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This article in JEQ

  1. Vol. 24 No. 5, p. 940-946
     
    Received: Sept 14, 1994
    Published: Sept, 1995


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doi:10.2134/jeq1995.00472425002400050023x

Effects of Domestic Wastewater Spray Irrigation on Denitrification Rates

  1. G. T. Monnett *,
  2. R. B. Reneau and
  3. C. Hagedorn
  1. Law Environmental, 112 Townpark Dr., Kennesaw, GA 30144;
    Crop and Soil Environ. Sciences, Virginia Polytechnic Inst. and State Univ., Blacksburg VA 24061;
    Crop and Soil Environ. Sciences, Virginia Polytechnic Inst. and State Univ., Blacksburg VA 24061.

Abstract

Abstract

Spray irrigation of domestic wastewater has potential as an effective on-site wastewater treatment and disposal method for soils that have limited renovation capacity. Nitrogen removal via denitrification from spray irrigation can fluctuate due to the alternating aerobic and anaerobic conditions caused by irrigation frequency. The objectives of this study were (i) to determine the effect of domestic wastewater application rates and frequencies within a 24-h period on nitrous oxide (N2O-N) emissions from soil columns measured by the acetylene block technique, and (ii) to determine the influence of wastewater irrigation on the denitrification capacity of the soil. Treatments used two effluent application rates (1.25 and 2.5 cm wk−1) and three daily irrigation frequencies (1, 2, and 3 times d−1) and a no-effluent control. Increased effluent application and splitting the effluent into two or three applications d−1 increased levels of N2O-N emissions as compared with the control. Single daily doses of effluent produced low levels of N2O-N emissions over the 24-h measuring period, whereas more frequent applications produced rapid increases in N2O-N emissions directly after effluent application. Gaseous losses of N averaged 5.3 and 26.2% of the applied N at the 1.25 and 2.5 cm wk−1 effluent loading rates, respectively. The denitrifying capacity of the soils was limited by both N and C. Maintaining effluent in the upper, more microbially active part of the soil column through split applications was important to N removal via denitrification.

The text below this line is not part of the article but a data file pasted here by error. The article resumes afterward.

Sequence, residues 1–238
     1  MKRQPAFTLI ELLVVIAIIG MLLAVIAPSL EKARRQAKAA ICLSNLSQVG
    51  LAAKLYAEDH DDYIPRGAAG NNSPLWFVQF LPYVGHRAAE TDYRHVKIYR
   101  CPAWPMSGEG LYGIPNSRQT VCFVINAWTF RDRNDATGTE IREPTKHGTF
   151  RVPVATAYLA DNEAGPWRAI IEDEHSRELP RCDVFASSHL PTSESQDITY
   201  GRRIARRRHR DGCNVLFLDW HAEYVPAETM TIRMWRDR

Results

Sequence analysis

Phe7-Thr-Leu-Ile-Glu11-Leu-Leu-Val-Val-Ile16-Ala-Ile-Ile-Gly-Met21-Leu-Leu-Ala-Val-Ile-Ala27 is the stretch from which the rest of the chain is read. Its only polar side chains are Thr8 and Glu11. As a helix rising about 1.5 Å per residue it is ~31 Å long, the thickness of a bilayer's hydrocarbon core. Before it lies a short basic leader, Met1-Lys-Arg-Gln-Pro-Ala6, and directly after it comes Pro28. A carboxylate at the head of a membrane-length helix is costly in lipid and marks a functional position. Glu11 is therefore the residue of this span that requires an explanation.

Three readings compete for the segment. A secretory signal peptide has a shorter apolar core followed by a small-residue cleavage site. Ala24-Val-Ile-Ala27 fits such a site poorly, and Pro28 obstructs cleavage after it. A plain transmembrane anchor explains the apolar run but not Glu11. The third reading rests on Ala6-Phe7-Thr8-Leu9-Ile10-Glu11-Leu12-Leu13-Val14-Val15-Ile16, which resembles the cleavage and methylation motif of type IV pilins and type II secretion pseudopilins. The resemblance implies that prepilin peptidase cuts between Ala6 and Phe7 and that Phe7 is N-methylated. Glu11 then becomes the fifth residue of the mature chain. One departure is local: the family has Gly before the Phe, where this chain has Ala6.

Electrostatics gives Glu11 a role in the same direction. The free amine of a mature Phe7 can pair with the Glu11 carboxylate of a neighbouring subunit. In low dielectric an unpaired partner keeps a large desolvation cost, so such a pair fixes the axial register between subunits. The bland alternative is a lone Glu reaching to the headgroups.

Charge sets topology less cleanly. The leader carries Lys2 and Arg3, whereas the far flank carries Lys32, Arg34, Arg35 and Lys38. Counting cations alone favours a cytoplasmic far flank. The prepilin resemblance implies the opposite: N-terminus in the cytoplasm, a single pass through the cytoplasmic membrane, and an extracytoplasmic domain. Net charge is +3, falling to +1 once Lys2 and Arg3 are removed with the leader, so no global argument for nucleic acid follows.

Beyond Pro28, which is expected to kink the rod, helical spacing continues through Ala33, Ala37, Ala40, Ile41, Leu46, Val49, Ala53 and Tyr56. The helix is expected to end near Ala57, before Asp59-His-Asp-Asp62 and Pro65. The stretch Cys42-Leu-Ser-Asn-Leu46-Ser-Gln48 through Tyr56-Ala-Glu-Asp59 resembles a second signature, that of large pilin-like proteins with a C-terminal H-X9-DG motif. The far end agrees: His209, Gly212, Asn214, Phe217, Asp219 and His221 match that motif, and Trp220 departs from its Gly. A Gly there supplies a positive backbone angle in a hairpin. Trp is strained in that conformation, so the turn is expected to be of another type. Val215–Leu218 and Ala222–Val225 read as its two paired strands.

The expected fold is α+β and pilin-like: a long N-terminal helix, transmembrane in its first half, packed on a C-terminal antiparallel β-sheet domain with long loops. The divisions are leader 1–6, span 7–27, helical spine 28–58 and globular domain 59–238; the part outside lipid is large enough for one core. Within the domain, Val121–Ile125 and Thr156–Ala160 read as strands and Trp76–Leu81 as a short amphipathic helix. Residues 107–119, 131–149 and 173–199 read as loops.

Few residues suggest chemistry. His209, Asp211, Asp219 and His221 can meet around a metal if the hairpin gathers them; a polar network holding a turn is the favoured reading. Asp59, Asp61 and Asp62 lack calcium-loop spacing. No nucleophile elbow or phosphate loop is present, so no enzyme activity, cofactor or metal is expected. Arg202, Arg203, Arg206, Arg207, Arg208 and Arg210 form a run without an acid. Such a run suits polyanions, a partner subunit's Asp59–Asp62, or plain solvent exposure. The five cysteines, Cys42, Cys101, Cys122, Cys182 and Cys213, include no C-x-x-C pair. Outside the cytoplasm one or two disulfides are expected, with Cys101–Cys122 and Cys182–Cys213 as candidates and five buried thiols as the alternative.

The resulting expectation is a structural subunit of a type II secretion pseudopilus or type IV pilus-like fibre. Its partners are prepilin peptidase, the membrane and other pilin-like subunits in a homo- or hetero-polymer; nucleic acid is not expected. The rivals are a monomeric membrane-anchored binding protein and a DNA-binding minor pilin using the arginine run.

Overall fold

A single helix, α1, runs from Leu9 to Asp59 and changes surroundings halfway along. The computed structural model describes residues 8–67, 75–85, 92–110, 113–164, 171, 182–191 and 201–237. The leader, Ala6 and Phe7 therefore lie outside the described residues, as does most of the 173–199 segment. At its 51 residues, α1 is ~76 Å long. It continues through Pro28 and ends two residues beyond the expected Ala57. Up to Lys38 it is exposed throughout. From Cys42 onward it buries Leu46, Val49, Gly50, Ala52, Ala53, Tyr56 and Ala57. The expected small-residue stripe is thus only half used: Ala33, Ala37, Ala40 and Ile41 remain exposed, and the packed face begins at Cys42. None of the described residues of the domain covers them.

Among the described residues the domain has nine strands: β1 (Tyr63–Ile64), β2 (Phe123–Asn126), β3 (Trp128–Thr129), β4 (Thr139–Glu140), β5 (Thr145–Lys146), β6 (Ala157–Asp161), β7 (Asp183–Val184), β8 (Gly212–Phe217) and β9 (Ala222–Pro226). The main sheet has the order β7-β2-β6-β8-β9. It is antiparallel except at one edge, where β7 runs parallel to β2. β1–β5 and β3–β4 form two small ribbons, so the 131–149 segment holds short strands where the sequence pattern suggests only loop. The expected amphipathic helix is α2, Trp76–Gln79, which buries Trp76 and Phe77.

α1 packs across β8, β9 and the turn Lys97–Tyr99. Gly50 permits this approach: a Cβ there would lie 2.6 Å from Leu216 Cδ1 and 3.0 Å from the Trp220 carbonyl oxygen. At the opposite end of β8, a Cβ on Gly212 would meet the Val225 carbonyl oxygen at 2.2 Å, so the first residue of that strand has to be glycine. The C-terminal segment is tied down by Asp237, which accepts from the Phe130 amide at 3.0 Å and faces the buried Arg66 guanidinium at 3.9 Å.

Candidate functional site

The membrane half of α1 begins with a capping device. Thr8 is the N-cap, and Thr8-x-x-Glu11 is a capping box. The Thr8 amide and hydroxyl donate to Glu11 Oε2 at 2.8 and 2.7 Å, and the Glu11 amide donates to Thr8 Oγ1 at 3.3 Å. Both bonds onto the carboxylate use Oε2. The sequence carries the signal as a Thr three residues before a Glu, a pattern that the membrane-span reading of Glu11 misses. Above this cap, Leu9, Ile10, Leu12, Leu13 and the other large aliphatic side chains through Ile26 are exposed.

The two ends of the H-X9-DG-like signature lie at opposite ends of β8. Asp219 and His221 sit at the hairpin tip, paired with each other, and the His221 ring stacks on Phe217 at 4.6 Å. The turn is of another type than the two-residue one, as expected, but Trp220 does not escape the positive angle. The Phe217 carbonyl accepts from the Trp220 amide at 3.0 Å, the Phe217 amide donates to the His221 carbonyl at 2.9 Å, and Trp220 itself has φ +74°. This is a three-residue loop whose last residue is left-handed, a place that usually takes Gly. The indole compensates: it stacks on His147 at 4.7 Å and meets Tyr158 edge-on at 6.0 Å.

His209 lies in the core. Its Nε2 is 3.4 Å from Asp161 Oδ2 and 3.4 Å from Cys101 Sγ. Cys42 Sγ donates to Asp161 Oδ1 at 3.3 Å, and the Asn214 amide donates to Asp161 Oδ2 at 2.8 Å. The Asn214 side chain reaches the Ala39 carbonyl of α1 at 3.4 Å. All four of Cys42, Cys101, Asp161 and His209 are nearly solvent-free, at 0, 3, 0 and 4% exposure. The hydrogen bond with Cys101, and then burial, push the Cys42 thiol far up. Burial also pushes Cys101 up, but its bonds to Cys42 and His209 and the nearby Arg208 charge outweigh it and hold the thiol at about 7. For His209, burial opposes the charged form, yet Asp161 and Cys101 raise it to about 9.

Sponsoring organization is Crop and Soil Environ. Sciences, Virginia Polytechnic Inst. and State University.

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